Table \(\PageIndex{1}\)
    Acid Name Structure \(K_\text{a}\)
    hydrofluoric acid \(\ce{H-F}\) \(7.1 \times 10^{-4}\)
    nitrous acid \(\ce{O=N-O-H}\) \(4.5 \times 10^{-4}\)
    formic acid \(\ce{HCOOH}\) \(1.7 \times 10^{-4}\)
    acetic acid \(\ce{CH_3COOH}\) \(1.8 \times 10^{-5}\)
    hydrocyanic acid \(\ce{H-CN}\) \(4.9 \times 10^{-10}\)

    The nature of p\(K_\text{a}\) is also used to indicate the strength of an acid. p\(K_\text{a}\) is determined much like pH by taking the negative logarithm of \(K_\text{a}\). As with pH, it is used to make values easier to manage. As an acid's strength increases, its \(K_\text{a}\) value increases and its p\(K_\text{a}\) value decreases as shown in the table above. Most acids that you will encounter in general chemistry courses are weak acids. There are six common strong acids (see table below). If you recognize these six then you can assume any other acids are weak.


    • Hydrochloric acid, \(\ce{HCl}\)
    • Hydrobromic acid, \(\ce{HBr}\)
    • Hydroiodic acid, \(\ce{HI}\)
    • Perchloric acid, \(\ce{HClO_4}\)
    • Nitric acid, \(\ce{HNO_3}\)
    • Sulfuric acid, \(\ce{H_2SO_4}\)

    Strong vs. Weak Bases

    Analogous to the acid dissociation reaction from the previous section, we can write the reaction between a generic base and water as follows:

    \[\ce{B} \left( aq \right) + \ce{H_2O} \left( l \right) \rightleftharpoons \ce{BH^+} \left( aq \right) + \ce{OH^-} \left( aq \right)\]

    The equilibrium constant for a reaction in which a base is deprotonating water (taking water's hydrogen atom) is often given the symbol \(K_\text{b}\). Strong bases and weak bases can then be defined based on the position of this equilibrium. A weak base would have a very small \(K_\text{b}\) value (much less than 1), indicating that most molecules of the base do not remove a proton from water. Conversely, a strong base would have a \(K_\text{b}\) value greater than or equal to 1.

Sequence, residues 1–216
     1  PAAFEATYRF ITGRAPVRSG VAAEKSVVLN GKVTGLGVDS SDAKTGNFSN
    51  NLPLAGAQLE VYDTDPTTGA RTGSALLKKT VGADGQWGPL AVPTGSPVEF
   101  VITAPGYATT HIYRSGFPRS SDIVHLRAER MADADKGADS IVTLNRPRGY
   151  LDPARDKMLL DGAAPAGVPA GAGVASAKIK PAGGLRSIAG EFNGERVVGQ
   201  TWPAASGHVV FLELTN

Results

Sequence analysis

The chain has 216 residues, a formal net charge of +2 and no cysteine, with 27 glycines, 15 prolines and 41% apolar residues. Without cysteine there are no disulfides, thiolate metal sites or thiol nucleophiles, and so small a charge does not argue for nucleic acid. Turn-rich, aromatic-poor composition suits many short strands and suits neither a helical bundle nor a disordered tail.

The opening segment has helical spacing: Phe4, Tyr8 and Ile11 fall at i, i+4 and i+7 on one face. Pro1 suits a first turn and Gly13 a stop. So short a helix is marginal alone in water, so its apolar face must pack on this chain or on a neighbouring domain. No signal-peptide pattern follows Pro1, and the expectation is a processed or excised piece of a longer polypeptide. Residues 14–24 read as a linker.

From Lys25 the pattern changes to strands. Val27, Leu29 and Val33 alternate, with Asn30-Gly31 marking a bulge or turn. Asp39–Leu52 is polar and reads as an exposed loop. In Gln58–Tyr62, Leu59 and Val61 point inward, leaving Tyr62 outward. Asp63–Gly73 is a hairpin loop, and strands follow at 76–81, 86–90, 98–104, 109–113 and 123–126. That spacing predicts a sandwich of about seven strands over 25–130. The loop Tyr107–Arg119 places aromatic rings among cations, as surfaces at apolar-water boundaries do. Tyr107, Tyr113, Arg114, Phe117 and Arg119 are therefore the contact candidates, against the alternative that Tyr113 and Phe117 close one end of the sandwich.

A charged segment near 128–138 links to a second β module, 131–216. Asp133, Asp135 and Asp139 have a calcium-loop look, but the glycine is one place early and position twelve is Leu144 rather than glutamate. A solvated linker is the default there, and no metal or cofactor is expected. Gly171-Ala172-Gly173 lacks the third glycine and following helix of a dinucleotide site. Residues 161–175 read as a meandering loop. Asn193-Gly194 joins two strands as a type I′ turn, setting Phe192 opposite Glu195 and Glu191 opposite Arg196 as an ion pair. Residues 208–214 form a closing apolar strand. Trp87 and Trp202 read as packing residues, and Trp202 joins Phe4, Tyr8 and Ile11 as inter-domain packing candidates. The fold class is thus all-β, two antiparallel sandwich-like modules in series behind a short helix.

Nitrogen-containing compounds are a common type of weak base. The lone pair on the nitrogen atom can accept a proton from water as follows:

    \[\ce{NH_3} \left( aq \right) + \ce{H_2O} \left( l \right) \rightleftharpoons \ce{NH_4^+} \left( aq \right) + \ce{OH^-} \left( aq \right)\]

    The equilibrium constant for this reaction is quite low, so most of the \(\ce{NH_3}\) molecules will not remove a proton from water. \(K_\text{b}\) and p\(K_\text{b}\) values for a few weak bases are listed in the table below.

    Table \(\PageIndex{3}\)
    Base \(K_\text{b}\)
    ethylamine \(\left( \ce{CH_3CH_2NH_2} \right)\) \(5.6 \times 10^{-4}\)
    methylamine \(\left( \ce{CH_3NH_2} \right)\) \(4.4 \times 10^{-4}\)
    ammonia \(\left( \ce{NH_3} \right)\) \(1.8 \times 10^{-5}\)

    The only strong bases that are commonly used in general chemistry courses are ionic compounds composed of metal cations and hydroxide anions, such as \(\ce{NaOH}\), \(\ce{KOH}\), or \(\ce{Ba(OH)_2}\).

    Contributors and Attributions

    • Allison Soult, Ph.D. (Department of Chemistry, University of Kentucky)

    This page titled 9.1: Acid and Base Strength is shared under a CK-12 license and was authored, remixed, and/or curated by CK-12 Foundation.